Neither Plumer nor Rathbun was sympathetic to Shaker ideals and practices. However, while these earlier dance rituals were characterized by both critics as well as by friendly observers as energetic, even grotesque expressions of individualized spiritual activity, under Meacham’s direction these outpourings of the spirit were channeled and disciplined into regularized, patterned dance rituals. Said to be the result of a dream in which Meacham saw angels dancing around the throne of the Lord, this standardized dance, the square-order shuffle, was introduced into the Massachusetts and other Shaker villages in 1787 or 1788. [8]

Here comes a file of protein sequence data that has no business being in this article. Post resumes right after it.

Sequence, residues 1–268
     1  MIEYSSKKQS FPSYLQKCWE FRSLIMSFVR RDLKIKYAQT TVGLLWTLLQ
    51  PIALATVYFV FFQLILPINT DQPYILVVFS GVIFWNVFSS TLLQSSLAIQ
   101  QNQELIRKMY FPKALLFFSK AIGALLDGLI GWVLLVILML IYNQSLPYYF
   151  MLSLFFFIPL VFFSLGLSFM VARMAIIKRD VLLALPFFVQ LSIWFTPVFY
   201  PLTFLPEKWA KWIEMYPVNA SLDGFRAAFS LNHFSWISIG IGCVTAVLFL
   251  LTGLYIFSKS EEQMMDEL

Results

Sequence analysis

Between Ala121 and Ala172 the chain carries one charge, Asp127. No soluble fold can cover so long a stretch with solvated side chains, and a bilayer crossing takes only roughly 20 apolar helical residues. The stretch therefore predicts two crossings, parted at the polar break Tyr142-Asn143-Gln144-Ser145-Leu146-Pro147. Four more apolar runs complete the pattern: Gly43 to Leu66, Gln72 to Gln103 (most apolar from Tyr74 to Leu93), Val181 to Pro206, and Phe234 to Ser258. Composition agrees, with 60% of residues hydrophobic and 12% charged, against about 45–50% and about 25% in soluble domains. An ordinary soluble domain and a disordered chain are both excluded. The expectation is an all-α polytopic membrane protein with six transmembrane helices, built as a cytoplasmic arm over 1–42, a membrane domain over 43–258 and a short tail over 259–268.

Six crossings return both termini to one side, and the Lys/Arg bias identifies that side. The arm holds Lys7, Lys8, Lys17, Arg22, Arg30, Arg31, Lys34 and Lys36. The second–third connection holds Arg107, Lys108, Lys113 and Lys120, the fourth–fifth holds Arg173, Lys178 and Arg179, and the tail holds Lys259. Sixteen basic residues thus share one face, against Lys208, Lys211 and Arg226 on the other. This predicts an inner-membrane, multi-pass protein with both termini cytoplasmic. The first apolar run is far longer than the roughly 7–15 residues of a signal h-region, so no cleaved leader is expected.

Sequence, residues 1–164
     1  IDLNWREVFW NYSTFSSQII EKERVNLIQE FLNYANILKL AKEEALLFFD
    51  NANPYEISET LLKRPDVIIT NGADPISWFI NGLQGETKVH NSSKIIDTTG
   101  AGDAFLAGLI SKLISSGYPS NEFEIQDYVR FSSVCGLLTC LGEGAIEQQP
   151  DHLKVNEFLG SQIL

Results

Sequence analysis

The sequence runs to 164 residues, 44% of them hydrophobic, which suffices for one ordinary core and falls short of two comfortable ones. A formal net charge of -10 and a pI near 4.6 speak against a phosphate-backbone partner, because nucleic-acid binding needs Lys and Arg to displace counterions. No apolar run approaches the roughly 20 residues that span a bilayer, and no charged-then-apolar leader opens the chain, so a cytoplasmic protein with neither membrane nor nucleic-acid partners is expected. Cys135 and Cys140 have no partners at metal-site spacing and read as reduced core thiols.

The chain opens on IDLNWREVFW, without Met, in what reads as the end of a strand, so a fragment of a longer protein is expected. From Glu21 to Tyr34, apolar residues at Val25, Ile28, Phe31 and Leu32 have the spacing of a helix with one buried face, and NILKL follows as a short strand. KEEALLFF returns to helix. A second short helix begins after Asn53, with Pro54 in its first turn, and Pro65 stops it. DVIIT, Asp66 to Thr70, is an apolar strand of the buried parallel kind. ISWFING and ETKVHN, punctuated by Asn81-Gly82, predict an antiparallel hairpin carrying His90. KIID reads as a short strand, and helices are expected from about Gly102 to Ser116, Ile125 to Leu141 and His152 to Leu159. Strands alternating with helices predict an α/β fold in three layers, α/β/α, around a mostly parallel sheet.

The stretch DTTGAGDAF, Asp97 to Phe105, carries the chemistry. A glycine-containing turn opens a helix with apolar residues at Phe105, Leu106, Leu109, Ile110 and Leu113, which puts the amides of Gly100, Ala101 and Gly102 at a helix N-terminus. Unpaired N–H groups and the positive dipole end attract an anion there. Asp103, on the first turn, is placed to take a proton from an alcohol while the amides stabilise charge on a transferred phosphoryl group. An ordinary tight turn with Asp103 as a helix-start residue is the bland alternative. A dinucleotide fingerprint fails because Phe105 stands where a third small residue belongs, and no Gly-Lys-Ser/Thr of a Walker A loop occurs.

One individual, writing in 1796 under the name of “A Traveller from Cambridge, Massachusetts,” described dancing during a Shaker worship service probably taking place at the nearby Harvard community. Noting that dances in earlier years had been “marked and disgraced” by contortions and grimaces, now the dances were “regular, solemn, and uniform.” Here was the transformation from the animated scenes described by Plumer and Rathbun to the structured and organized ritual introduced by Meachem. The use of formal, patterned dance continued into the nineteenth-century. William S. Warder, a Quaker from Philadelphia visiting the Hancock village in 1818, recounted how the Shaker men and women entered the meetinghouse by separate doors, and then “form in regular columns, the men on one side and the women on the other. Several men and women commence a tune, while every other person dances, keeping time admirably, for at least half an hour. The men and women, facing each other, advance and recede a few steps alternately, through the performance.” Warder concluded “with respect to their dancing during regular worship, it may be thought a ludicrous appendage, but there is nothing in their dancing to excite levity; they indeed term it labouring, and many of the extravagances of an earlier period have been laid aside.” Here again patterned regularity rather than individual expressions was the hallmark of these Shaker ritual practices. [9]